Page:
I’ve always been a big fan of robotics. Ever since Short Circuit and Max from Flight of the Navigator, all the Star Wars robots, and then later stories by Isaac Asimov, Philip K. Dick, various manga (Chobits comes to mind) and the onset of modern robots (like the Roomba), I’ve been drawn to our mechanical counterparts. Wall-E melted my heart, as did Data in Star Trek, Beta in The Last Starfighter, and David in A.I.. And 2046–a Hong Kong film with half the movie revolving around the sci-fi plot the author is writing on the side–has a slew of  fun androids.

I also write a lot of stories about robots (though usually of the semi-magical clockwork kind), and my first in-print story was about one. There’s just something I find fascinating about the whole human-robot debate: is a robot “real” or “alive”? can a robot “feel” or be truly autonomous? what separates machines and humanity? are robots really–at all–immortal? are all robots destined to be perfectly logical, or can they be irrational, illogical, irritable? (Love Marvin from Doug Adam’s Hitchhiker’s Guide to the Galaxy, and C3PO’s constant paranoia! Bender from Futurama, as well as all the animated robots in the first four seasons, are wonderful, too!) And for robot emotion and sexuality, check out Kal Cobalt’s ROBOTICA. I don’t tend to read a lot of erotica (or much at all), but Kal explores some really cool ideas in the collected stories.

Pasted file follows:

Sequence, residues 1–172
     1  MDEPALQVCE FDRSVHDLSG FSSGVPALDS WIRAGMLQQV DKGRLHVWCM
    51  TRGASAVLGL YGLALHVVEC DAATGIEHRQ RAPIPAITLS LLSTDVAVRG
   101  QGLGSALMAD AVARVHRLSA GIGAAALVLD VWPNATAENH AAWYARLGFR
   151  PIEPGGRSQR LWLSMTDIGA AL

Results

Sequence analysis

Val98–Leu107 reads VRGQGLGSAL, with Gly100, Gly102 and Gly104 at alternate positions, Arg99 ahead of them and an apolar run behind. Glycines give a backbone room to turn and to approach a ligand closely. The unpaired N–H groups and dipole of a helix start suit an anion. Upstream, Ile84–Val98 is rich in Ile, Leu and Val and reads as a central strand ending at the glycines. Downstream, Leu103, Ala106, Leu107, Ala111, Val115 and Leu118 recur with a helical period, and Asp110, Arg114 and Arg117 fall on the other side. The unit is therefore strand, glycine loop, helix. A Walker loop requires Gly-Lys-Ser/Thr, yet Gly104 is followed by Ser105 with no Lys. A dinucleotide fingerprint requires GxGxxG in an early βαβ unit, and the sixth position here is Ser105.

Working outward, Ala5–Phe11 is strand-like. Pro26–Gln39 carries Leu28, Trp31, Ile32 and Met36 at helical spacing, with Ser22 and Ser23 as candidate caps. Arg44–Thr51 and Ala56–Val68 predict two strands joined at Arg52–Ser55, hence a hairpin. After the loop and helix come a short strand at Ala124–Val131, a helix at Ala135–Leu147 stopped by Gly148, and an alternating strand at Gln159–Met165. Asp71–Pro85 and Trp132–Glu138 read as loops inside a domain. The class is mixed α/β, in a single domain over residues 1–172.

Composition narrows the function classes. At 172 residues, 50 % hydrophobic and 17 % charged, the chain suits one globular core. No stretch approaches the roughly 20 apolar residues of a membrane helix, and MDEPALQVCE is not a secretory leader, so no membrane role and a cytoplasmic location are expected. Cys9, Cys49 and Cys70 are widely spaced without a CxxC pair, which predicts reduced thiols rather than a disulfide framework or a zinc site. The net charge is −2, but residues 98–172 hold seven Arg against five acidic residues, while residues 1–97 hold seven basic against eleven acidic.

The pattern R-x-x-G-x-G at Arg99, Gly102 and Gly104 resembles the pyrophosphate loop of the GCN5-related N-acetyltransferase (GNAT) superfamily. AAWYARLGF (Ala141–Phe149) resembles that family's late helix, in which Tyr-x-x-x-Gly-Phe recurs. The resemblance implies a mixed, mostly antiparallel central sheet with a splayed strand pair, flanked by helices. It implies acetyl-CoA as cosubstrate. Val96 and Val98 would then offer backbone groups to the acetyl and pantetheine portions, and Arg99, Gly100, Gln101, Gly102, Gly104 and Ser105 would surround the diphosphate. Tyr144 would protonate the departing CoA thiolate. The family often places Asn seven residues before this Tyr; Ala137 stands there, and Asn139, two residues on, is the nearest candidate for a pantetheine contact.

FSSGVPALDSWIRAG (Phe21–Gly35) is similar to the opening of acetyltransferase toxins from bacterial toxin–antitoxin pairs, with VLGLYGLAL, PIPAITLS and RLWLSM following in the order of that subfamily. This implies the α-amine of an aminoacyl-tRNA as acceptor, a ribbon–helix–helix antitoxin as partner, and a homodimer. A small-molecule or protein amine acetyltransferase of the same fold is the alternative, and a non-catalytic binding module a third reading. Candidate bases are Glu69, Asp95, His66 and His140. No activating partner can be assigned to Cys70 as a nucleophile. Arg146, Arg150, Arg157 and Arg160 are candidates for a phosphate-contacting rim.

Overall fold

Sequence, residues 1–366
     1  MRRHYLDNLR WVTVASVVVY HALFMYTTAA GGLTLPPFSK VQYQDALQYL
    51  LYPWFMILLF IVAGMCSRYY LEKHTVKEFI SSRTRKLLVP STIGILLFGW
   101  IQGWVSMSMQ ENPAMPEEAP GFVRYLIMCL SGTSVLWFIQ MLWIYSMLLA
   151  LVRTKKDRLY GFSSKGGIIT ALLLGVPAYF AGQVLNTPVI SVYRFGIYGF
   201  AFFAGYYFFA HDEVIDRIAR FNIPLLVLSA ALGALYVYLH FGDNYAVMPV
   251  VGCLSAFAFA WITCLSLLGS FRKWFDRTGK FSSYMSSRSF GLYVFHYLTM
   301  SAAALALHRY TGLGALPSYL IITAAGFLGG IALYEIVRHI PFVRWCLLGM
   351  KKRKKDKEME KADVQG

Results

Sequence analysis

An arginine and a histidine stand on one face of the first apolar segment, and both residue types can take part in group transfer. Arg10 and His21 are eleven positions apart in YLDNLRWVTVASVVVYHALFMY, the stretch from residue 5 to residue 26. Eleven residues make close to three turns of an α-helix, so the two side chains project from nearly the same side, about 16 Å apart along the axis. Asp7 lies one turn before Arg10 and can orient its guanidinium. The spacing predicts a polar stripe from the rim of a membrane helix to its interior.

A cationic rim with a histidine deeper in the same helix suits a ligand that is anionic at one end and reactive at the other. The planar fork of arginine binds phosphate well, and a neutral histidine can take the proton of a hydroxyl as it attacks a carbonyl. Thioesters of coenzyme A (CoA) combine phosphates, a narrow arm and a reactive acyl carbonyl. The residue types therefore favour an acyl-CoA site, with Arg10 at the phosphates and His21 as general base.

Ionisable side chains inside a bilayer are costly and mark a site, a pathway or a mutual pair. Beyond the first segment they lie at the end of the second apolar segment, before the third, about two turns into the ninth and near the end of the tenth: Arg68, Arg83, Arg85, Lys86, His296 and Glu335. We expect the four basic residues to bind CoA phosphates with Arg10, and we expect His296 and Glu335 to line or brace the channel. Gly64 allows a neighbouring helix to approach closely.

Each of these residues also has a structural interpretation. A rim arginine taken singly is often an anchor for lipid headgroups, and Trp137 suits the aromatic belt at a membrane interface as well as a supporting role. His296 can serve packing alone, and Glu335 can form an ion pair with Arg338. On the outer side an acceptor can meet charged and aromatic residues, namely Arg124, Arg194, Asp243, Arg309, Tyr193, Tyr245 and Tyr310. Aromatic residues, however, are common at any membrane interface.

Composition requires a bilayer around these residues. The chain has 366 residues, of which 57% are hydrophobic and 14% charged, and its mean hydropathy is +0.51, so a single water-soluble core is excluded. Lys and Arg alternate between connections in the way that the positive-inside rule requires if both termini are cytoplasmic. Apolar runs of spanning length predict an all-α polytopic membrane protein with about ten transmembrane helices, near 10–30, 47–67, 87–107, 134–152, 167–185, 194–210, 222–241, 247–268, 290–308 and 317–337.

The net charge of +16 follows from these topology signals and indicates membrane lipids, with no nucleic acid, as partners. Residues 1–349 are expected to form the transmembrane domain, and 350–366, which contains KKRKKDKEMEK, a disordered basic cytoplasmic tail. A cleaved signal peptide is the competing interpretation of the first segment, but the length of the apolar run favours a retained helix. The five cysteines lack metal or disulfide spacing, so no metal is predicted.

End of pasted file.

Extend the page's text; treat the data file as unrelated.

For me, the human-v-robot debate is one that I like to get involved in, though usually from the side that human beings are really just biological machines made of flesh, blood and nerve rather than silicon, copper wire, and computer chips. And I don’t doubt that someday we’ll have the technology to create machines that are fully indistinguishable from ourselves (not just physically, but mentally as well–theologian/mystic androids, artist androids, writer androids (who may both soar to the bestsellers lists or wallow in self-pity and writer’s block like many of us humans)). Scary, sometimes; cool, most definitely!

Until I started this blog entry, I didn’t even realize how often I come across robots, and what a profound interest they hold for me. I’m no scientist (I leave that to those I know who have PhDs in robotics!), but I’m fixated by this constant drive to create autonomous beings. I finally learned how to set up a Google Alert today, and I’ve got robots on there. If I see something cool, I’ll let you know! For now, here’s a clip of the Actoroid android–she’s kind of the new Aiko, and for as jerky (and a little “crazy-eyed”) as she can be, just imagine what we’ll be able to do in ten, twenty, even fifty years! O.O

Orycon coverage to come!